SCIENCE
11/11/2014 08:49 am ET Updated Dec 06, 2017

OK, So Here's The Real Story Of Where 'OK' Comes From

huffyi "OK" is certainly one of the most common expressions in the English language--and one of the most versatile. After all, it can be used as an adjective, a noun, and a verb.

But what do the letters in OK stand for? And where did the expression come from in the first place?

Over the years, a variety of explanations have been offered. Some have argued that OK came from the Native American Indian tribe Choctaw's word "okeh." Others have suggested it came from a word in the Wolof language of Sub-Saharan Africa.

But a new article published in Smithsonian magazine maintains that OK has its origins in early 19th Century Boston--a time when it was trendy for writers to use playful abbreviations. According to the article, celebrated etymologist Dr. Allen Walker Read (1906-2002) argued that OK first appeared as an abbreviation for "Oll Korrect" in a satirical piece on grammar that was published in the Boston Morning Post in 1839.

"Allen Walker Read's findings about the origin of 'OK' as a jocular abbreviation from the late 1830s still stand," Dr. Laurence R. Horn, a professor of linguistics and philosophy at Yale University, told The Huffington Post in an email.

The expression gained popularity soon after when it was used as the name of a political organization, called the O.K. Club. That is, the letters may have originated as an abbreviation for "oll korrect," but in this case the letters stood for the birthplace of President Martin Van Buren--Old Kinderhook, N.Y.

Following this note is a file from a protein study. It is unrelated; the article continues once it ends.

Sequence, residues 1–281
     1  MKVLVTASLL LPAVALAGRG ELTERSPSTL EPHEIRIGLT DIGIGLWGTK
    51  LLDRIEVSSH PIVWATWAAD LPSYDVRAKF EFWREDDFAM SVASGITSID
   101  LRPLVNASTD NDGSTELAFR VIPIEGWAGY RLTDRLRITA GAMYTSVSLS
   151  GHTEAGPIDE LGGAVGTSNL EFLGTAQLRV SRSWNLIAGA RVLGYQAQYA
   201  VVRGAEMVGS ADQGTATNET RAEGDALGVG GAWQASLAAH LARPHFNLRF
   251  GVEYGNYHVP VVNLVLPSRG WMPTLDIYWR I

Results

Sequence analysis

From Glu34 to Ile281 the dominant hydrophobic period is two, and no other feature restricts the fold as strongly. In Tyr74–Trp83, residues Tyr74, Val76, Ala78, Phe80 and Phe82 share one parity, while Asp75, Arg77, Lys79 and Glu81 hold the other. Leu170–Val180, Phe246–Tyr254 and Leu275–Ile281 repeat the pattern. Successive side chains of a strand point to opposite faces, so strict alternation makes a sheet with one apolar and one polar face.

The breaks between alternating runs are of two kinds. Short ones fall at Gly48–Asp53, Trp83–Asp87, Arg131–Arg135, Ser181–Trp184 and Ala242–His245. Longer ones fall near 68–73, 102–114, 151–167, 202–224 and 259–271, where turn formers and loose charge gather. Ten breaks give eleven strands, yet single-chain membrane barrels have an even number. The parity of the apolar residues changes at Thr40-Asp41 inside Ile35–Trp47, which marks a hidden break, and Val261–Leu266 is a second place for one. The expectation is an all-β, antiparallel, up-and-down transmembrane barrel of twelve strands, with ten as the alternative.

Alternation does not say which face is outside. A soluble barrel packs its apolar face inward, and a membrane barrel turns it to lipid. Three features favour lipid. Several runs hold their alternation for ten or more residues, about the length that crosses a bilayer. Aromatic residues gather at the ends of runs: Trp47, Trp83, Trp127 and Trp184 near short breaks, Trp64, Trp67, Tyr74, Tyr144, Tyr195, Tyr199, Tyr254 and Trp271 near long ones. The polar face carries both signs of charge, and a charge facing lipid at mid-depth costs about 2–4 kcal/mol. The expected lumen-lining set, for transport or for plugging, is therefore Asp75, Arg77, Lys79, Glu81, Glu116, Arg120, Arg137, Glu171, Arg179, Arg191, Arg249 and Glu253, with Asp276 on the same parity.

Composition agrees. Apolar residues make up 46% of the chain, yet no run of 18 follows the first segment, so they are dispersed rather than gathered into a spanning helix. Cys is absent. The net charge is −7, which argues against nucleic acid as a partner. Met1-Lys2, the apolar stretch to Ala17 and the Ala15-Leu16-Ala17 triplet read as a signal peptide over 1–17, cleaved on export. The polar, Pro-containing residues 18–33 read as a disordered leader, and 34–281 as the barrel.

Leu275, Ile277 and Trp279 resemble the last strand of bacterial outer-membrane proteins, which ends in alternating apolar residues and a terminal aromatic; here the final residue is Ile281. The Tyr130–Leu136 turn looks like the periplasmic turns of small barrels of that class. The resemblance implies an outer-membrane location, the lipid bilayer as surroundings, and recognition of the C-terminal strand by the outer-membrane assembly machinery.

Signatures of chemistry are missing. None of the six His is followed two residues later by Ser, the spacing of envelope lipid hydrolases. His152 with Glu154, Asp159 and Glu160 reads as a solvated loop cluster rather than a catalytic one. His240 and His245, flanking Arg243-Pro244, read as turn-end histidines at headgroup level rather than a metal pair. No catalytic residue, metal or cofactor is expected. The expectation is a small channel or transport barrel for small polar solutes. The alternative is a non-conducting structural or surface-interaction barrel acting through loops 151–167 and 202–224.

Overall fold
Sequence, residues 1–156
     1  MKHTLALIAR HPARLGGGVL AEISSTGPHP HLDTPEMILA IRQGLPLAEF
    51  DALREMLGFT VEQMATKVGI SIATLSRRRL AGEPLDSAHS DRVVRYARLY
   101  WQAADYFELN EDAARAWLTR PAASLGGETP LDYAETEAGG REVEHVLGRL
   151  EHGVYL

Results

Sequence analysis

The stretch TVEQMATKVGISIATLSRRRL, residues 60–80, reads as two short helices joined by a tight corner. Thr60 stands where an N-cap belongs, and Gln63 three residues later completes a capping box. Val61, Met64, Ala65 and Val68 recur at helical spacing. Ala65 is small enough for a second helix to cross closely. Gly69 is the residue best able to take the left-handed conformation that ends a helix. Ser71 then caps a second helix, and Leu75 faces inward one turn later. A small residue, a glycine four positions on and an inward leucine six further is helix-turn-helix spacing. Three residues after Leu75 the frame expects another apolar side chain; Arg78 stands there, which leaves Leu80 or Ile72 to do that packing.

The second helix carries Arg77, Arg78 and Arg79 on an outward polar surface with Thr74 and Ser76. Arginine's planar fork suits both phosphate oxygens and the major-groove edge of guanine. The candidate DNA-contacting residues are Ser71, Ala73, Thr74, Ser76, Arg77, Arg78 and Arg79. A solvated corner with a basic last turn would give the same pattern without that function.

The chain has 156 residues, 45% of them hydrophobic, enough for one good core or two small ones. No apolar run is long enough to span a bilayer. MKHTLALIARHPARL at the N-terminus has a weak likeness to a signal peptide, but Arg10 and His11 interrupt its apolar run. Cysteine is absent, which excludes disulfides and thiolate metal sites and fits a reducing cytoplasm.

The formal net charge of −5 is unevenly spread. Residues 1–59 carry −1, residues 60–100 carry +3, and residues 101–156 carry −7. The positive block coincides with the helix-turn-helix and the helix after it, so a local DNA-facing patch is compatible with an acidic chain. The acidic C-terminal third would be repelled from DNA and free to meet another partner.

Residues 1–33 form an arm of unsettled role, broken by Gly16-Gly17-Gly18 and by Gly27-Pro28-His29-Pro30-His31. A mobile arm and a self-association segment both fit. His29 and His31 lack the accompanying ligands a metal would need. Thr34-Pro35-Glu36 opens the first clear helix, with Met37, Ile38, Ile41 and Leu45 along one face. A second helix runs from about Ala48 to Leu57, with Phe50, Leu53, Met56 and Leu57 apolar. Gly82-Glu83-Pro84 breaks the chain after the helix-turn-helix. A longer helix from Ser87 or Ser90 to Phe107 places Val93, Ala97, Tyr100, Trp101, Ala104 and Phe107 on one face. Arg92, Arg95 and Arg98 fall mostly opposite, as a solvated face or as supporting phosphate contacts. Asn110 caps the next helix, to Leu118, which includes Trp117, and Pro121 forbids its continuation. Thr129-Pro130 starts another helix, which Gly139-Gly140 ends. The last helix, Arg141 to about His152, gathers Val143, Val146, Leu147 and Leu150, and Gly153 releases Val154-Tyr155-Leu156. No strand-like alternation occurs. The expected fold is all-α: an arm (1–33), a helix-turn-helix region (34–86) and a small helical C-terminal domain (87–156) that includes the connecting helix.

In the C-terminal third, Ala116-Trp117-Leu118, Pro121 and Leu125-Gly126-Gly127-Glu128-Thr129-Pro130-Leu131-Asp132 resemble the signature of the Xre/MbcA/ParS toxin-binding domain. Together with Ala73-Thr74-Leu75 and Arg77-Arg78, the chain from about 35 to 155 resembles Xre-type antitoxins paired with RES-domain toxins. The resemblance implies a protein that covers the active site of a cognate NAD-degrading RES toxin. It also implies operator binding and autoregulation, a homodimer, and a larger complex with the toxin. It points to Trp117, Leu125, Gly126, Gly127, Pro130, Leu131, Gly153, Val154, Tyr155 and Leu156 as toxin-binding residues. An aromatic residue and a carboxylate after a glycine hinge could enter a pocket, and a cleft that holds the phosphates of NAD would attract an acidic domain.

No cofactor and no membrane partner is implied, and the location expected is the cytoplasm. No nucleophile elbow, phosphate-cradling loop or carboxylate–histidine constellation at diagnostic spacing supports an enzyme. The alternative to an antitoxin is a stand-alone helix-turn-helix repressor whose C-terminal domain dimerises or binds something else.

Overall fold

"Read points out that the trajectory of the term was affected by its adoption as the moniker for Martin Van Buren ('Old Kinderhook')," Horn explained in the email. "So Van Buren and his supporters didn't create the term, but kept it very much alive."

Horn said that many other satirical abbreviations got their start around the same time as OK but are no longer used--including K.Y. for "know yuse," K.G. for "no go," and O.W. for "oll wright."

Maybe someday a linguist of the future will weigh in on the origins of contemporary expressions like BRB (be right back) and LOL (laughing out loud).

HuffPost

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